In a recent CQ article, former Secretary of Homeland Security, Tom Ridge, weighed in about congressional oversight of homeland security. Congressional oversight of homeland security may sound as exciting as a colonoscopy, but it is actually a very big problem. Currently, over 100 committees and subcommittees have jurisdiction over the Department of Homeland Security. As you can guess, Members of Congress use this as a political tool—holding hearings completely unrelated to actual security and many times making unreasonable or uneducated requests of the department. All of this undoubtedly distracts DHS from doing their actual job, i.e. protecting the nation against credible threats.
Secretary Ridge has weighed in on this issue before—much like his successors Micheal Chertoff and now Janet Napolitano. So it is not a new issue—in fact, almost all of the congressional leadership on homeland security has labeled it as a significant problem. It was even a principal recommendation of the 9/11 Commission. Heritage has repeatedly pounded the drum on the topic, pushing Congress to consolidate and remove the pork barrel politics from congressional oversight. In fact, it has been repeatedly interwoven in almost all of our homeland security work, because this issue affects the way DHS fulfills its missions and failure to undertake these reforms has undoubtedly made Americans less secure.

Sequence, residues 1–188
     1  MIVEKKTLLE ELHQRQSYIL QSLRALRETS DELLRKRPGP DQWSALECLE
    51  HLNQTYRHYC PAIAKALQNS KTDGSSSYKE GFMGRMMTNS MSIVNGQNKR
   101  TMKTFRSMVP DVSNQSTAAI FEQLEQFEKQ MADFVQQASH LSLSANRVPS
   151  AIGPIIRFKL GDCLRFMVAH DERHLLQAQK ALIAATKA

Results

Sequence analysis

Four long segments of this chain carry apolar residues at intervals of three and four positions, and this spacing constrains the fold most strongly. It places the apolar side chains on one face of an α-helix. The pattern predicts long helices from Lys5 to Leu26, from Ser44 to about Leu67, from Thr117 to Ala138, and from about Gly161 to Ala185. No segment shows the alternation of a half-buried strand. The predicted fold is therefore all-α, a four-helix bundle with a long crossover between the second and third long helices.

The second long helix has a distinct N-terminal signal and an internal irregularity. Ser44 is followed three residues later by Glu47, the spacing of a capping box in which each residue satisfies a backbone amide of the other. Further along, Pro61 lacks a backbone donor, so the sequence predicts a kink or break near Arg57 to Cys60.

What is important now, however, is getting Congress to make necessary reforms. It won’t be easy—Members of Congress like having power over the department and aren’t likely to cede jurisdiction willingly. It will have to come from the top, but with a new Congress on the horizon, the timing seams right for something to move on this issue. As Dave Olive points out in his blog on the topic, “No matter which party controls the next Congress, Democrats and Republicans need to keep this issue in the forefront as they organize next year’s session. It is time for action to resolve this debacle.”